Everyone has days where they feel emotionally drained. You may want to speak to a friend but you don’t want to feel like you’re burdening them. Trust me, you are not.

The Matter With My Skin

The thing about Vietnam is that with colonialism by both China and France, and it’s proximity to South-East Asia, Vietnamese people are extremely diverse in physical appearances. Some people look far more East Asian than others, while others look slightly Eurasian. Vietnam, however, like the rest of Asia, is also a society that values fairer complexion despite the diversity in skin tones and physical appearances. The desire for paler skin tones can be seen through the widely available whitening products in stores, the prevalence of skin bleaching, and how covered up the typical Vietnamese woman is when she heads outside. It is a culture that reveals the remnants of a colonial past that prized Eurasian appearances and whiter skin tones, over-celebrating diversity, and inclusiveness.

For myself, being part Southern Chinese/Cambodian in heritage, I was one of those individuals in Vietnamese society that was tanner than most. Growing up tanned in a culture envious of those who are fairer is no easy task. After 20 or so years, I was finally able to be comfortable in the skin tone I was born with. But for the most of my life, being tanner than most Vietnamese individuals have meant that the Vietnamese adults around me treated my darker skin tone as a manner of inadequacy as if I was somehow responsible for the amount of melanin I possessed. It didn’t help that in the sweltering sun of Southern Vietnam that persisted all year round, that I would gain a darker complexion from playing outside with my friends. It was so entrenched in Vietnamese society that it became a manner of ridicule and jokes. Playing power rangers with the children on my street, they would assign me the black power ranger as if to play mockery on my darker skin tone. My family would joke around that I was from Africa when I was curious about the continents of the world. It seemed that colourism was entrenched in an unspoken merit system. Vietnamese people had in regards to someone’s success or likeability, and by being born with a darker appearance, it’s as if I was already given a minus in life.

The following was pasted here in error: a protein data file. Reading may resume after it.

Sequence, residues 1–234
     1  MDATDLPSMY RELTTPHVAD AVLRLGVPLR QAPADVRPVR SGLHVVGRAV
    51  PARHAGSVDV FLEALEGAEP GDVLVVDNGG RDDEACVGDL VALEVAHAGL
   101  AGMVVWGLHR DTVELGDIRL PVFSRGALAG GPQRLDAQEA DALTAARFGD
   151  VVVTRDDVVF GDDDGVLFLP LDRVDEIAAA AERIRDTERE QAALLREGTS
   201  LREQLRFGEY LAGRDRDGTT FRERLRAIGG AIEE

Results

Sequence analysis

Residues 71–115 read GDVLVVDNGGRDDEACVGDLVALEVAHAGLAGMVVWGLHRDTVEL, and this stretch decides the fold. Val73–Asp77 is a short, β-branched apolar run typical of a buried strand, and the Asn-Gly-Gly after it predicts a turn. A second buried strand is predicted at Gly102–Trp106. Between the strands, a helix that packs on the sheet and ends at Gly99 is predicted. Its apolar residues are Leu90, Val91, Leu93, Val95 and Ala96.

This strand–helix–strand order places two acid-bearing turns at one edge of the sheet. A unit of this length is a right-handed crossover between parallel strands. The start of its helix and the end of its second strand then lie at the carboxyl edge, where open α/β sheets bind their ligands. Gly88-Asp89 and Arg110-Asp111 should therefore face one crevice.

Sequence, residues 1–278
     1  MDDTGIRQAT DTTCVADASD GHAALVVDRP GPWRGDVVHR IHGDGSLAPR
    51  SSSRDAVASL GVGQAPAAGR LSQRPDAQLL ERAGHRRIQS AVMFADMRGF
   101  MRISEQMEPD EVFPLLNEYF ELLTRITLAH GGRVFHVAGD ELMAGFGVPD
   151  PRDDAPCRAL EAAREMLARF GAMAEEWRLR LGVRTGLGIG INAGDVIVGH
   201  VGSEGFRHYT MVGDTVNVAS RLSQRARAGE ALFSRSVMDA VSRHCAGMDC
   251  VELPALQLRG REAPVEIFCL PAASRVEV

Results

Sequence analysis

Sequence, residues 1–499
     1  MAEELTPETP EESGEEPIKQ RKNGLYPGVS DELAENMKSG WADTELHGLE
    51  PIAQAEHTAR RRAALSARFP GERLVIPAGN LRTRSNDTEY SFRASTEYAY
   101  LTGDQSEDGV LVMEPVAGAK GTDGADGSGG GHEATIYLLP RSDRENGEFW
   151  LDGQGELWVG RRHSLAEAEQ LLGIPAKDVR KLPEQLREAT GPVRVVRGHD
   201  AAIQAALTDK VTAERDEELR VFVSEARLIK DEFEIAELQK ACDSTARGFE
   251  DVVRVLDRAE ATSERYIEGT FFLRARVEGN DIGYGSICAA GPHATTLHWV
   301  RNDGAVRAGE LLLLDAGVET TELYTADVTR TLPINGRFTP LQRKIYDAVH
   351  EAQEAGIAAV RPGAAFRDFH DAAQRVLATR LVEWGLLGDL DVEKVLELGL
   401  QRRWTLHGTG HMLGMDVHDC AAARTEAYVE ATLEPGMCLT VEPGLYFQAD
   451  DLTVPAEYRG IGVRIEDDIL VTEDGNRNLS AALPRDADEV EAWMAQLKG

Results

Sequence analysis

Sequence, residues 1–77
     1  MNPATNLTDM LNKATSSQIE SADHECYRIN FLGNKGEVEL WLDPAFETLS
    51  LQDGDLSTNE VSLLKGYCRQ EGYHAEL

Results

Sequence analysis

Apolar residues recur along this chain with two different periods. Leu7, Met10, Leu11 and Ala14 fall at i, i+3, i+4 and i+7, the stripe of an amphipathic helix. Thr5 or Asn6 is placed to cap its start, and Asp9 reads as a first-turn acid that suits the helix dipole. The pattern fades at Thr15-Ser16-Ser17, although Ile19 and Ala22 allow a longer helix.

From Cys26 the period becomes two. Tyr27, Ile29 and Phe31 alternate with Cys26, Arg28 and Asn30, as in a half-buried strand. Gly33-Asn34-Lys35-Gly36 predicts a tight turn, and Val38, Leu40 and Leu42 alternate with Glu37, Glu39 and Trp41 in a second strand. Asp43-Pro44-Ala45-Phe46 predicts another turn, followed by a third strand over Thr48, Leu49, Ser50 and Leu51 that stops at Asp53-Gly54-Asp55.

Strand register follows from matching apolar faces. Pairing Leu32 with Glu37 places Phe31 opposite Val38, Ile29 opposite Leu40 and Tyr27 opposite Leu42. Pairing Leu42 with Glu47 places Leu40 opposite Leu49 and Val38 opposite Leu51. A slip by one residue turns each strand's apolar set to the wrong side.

When I moved to Australia when I was 7, the cold winters of Melbourne kept me mostly inside, covered up. When I got paler through less sun exposure, the comments quickly changed to how much “better” I looked with lighter skin. When I got older and went through puberty and returned to Vietnam as an older teenager, relatives who haven’t seen me in years said that I used to be “ugly and dark,” but now I looked a lot better with a lighter skin tone. It provided my teenage self with the gratification and validation of my skin tone I never received as a child. I felt as though I had finally sought approval about a complex I had never been able to change. The inadequacy remained entrenched in me as I got older, I wore sunscreen every day even in winter (and still do, but now it’s for skin health purposes). I hated going to the beach to tan because I didn’t want to get any darker. I bought whitening soaps from Filipino grocery stores, hoarded whitening creams from Vietnam. I remained deeply envious of friends who were paler than I was, even though I knew how toxic those whitening products could be. It was as if gaining social status and approval was more important than my health. But eventually, I realised, no matter how hard I tried, there was no way I would ever be as pale as those models on the whitening ads blasted on television. I would never be as pale as Korean pop stars, that I would always be seen as inadequate for my darker skin tone. It became that as I moved through life successes, that I realised the only approval, I was still looking for was from myself. The comments have already stopped, and I was no longer chastised for being darker, the only voice that told me I was inadequate for being tanned was my own voice. I had been trained to be my biggest critic by the merit-based Vietnamese community that had raised me. I had never questioned the criteria they had set onto me, the insatiable list of things to be, or how to look. I had simply taken those criterias on as my own criterias, using it to measure my own self-worth. Only to realise much later in life, that such criterias would make me never feel enough as I am.